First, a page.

Indy Film Fest: Tragovi (Traces)
An anthropologist studies strange signs left in graveyards and other human spaces as she navigates the loss of her last family member.
Film Yap is a reader-supported publication. To receive new posts and support my work, consider becoming a free or paid subscriber.
For Indy Film Fest schedule and tickets, please click here.
Some films are like a puzzle that the audience has to work out for itself. The satisfaction of realizing the assembled whole is usually cathartic moment that makes you appreciate the movie even more.
But some cinema is not so concerned with providing answers, but raising questions that tickle and bother the mind. The act of sifting through the puzzle pieces and trying to imagine how they might fit together is the reward in of itself, even if no satisfying final image is formed.
“Travogi” (Traces) from Croatia falls into this latter category. It’s a quiet, observant film about a woman, Ana (Marija Skaricic), who is sifting through strange signs left on gravestones in her work as an anthropologist. She is living in Zagreb in a large apartment that used to be occupied by her family, after they moved away from the ancestral home deep in the mountains.
Once a sprawling, loving clan, they have dwindled down to almost nothing. Ana, who I’m guessing is in her 40s, never married or had children and only her elderly father (Mate Gulin) is left to her. He does little but sit in the apartment and watch television. Ana has an energetic nightlife with a number of women friends, and between this, her work and her dad, she has a fulfilling if somewhat lonesome life.
Early on, her father passes away and it leaves Ana completely unmoored. She realizes she is now truly alone.
Her interest in the strange signs in a remote part of the country known as Mirila, the resting place of souls, intensifies. There the tribal people did not bury the bodies of the dead but placed them between two upright stones carved with symbols of unknown origin, though they seem to be related to the sun. The body was then removed and disposed of, and the people believe the person’s soul resided with the stones for eternity.
Beyond the obvious connection with her father’s passing, Ana is also engrossed by the signs because of the vitiligo that marks her face and body, patches where the pigment has fled, leaving pale splotches like puzzle pieces. She has a large one under mouth and in one eye, as well as all over her torso and limbs. She covers these up with makeup and suntanning. The condition will only worsen as time goes by.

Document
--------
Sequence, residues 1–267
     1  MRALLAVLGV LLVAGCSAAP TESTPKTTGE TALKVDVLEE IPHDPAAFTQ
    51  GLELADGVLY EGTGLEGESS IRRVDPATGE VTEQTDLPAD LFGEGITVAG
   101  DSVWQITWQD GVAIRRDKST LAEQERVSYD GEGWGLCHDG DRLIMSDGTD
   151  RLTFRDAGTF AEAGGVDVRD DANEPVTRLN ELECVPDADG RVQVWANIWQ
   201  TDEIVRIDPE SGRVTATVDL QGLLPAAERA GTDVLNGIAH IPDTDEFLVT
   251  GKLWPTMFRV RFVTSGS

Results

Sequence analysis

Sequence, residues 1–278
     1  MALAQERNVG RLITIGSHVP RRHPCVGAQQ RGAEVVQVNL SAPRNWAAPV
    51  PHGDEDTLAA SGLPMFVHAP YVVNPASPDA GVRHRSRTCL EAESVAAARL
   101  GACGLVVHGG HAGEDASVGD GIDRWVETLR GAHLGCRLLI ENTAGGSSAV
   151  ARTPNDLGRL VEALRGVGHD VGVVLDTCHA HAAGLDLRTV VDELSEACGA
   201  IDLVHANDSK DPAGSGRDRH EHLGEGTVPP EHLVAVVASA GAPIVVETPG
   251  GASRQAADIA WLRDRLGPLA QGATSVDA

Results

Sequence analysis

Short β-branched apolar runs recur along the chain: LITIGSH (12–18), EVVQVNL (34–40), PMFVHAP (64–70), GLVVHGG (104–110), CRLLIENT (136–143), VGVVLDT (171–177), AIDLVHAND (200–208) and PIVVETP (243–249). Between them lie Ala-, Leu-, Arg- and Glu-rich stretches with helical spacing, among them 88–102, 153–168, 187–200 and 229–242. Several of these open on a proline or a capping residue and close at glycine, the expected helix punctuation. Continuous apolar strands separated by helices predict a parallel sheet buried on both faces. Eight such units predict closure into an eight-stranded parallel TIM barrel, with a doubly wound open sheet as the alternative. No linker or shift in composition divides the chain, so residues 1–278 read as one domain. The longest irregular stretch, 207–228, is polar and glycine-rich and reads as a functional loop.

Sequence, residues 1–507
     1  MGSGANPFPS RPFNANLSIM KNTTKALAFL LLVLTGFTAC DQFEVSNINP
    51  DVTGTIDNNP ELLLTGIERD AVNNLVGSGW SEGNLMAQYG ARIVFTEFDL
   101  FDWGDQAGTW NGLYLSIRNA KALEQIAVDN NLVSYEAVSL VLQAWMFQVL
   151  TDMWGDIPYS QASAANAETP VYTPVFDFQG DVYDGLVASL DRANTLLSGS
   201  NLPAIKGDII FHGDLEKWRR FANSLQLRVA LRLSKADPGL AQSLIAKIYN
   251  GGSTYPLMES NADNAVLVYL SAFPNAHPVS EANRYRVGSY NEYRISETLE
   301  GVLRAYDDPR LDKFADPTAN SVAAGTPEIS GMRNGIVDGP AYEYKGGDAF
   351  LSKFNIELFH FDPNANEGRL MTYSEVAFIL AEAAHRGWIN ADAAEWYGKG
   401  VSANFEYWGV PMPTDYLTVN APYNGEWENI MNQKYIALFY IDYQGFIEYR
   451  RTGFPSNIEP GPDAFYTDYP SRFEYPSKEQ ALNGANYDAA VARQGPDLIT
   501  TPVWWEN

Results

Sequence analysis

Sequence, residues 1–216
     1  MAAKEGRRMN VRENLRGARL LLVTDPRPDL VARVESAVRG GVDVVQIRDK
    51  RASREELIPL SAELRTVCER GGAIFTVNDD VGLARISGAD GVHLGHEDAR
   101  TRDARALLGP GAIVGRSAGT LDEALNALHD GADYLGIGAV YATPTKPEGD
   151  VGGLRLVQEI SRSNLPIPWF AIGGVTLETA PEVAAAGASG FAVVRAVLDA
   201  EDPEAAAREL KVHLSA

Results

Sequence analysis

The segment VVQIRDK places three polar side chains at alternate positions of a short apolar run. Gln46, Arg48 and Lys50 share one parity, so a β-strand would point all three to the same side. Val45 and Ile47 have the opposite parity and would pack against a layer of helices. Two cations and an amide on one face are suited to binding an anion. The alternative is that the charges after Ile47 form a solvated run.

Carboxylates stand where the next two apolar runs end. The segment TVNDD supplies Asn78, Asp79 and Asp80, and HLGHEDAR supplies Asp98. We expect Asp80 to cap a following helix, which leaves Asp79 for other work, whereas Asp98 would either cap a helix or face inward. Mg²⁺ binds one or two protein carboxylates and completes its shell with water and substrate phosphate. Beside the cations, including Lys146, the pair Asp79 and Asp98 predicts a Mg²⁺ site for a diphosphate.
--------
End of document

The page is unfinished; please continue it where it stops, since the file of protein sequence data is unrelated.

Clearly, Ana feels she is in someway marked, just like the signs on the gravestones. She begins to notice symbols all around her, from graffiti to hand prints in cement, which mark the passing of a human across that space, leaving a little bit of themself behind.
And really, that’s the entire story. Director Dubravka Turic, who co-wrote the screenplay with Danijel Zezelj, lets us wander around with Ana as she is first tortured by, then embraces this mystery. Not much really “happens” in the traditional cinematic sense, and there are many long wordless passages where we’re simply watching Ana in her search without ending.
At one point she sells her apartment and travels back to her family’s country home to tie up loose ends there. There she runs into Jozo (Niksa Butijer), a childhood friend who’s now a sheep herder. He has a joking, teasing sort of way about him, joshing Ana about her hifalutin life and academic prominence. There’s genuine warmth there, but like much of Ana’s life this is just another transitory waypoint in he continual search for meaning in the symbology all around her.
Maybe this is enough for you to appreciate “Tragovi” for what it is. It wasn’t for me. The contemplation of a mystery isn’t enough for someone of my journalistic bent; I crave answers and meaning. This film feels like the beginning of something very interesting.